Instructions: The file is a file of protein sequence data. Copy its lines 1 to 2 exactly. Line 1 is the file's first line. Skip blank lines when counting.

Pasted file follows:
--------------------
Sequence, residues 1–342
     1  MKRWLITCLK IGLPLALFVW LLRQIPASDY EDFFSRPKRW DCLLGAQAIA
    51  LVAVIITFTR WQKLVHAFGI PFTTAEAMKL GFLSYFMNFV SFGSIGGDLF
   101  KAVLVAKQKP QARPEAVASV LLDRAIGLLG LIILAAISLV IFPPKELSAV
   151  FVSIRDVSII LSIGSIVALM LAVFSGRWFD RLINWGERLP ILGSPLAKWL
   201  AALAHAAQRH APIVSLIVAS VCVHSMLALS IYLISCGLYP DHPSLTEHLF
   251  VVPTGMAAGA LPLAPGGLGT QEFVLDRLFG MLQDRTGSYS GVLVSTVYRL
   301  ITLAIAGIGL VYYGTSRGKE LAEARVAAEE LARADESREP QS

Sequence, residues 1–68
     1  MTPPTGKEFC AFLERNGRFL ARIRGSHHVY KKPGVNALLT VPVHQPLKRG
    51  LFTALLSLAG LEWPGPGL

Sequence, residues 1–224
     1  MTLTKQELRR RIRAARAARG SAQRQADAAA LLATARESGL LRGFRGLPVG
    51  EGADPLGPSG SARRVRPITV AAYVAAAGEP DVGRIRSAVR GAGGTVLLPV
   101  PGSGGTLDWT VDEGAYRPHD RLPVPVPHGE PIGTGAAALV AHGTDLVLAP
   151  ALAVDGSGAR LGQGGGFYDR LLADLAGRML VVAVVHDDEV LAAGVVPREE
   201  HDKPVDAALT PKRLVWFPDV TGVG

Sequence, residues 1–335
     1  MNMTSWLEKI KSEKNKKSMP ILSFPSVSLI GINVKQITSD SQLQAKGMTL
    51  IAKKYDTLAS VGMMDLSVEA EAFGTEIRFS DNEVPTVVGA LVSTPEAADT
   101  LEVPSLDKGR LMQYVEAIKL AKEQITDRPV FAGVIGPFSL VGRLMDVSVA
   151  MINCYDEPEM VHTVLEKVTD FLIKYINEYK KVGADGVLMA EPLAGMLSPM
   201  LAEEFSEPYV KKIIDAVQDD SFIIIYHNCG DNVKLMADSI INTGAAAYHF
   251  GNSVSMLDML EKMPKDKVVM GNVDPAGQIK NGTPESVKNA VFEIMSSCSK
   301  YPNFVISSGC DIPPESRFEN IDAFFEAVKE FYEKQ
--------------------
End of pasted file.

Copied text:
Sequence, residues 1–342
     1  MKRWLITCLK IGLPLALFVW LLRQIPASDY EDFFSRPKRW DCLLGAQAIA